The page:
NM: I know what you mean about a spiritual home. How we long, ache for the places where deep connections were forged with our distant, if not ancestral blood.

My mother was an only child, but her mother was one of thirteen children who lived in Eastern North Carolina on a large cotton and tobacco farm worked by descendants of slaves—they even lived in the refurbished slaves shacks. By the time I would go to visit the farm, it had passed down to my great uncle who had stopped growing cotton and had clear cut the woods for a pine plantation—alas, all those old growth trees. My siblings and I would tear around with our cousin and the workers’ kids in a mule driven tobacco flat bed. I can instantly conjure that dark rich smell of the tobacco drying-sheds, rafters hung with ghostly leaves, the scent of gardenias. Crickets chipping away the night. Hot, nights thick with humidity, singing on the porch, ice clinking against whiskey glasses.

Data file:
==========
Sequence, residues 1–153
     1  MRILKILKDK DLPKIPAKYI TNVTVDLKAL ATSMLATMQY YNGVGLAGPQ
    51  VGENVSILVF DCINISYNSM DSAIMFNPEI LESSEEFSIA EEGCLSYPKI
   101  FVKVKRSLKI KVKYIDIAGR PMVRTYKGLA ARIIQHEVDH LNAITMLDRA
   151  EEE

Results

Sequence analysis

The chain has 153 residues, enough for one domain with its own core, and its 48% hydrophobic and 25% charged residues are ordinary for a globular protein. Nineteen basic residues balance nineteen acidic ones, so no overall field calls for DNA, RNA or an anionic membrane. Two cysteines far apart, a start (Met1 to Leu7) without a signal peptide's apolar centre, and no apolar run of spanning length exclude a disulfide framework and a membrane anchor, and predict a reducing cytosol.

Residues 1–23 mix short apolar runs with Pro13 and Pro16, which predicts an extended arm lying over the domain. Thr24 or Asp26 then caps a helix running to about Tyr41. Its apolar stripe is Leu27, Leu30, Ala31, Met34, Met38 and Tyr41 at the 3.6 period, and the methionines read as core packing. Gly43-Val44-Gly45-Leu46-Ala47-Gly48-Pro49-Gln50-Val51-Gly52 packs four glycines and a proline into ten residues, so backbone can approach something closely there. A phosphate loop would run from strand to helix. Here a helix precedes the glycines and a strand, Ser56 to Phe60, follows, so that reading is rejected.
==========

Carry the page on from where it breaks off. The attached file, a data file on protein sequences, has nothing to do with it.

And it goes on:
There was the canon of family myths passed down the generations, but there were also different versions of those same stories I overheard from the workers in the fields and in the kitchen.

But do my siblings have this same longing as I, or as you write in “Search Me,” “Do others ponder such things? Search Me.”

Your uncle’s farm must have been the beginning of your love affair with the country in the poem “On my Love of Country Life.”

My mind ached likewise for another place,

In which things blurred: a fleecy nap of meadow,
The spring blooms’ brightness muted, peasant wagons
Full of hay gone evening-fragrant, glow
Of a vanishing sun on the picturesque houses’ brick,
And cattle and sheep intent upon their grazing—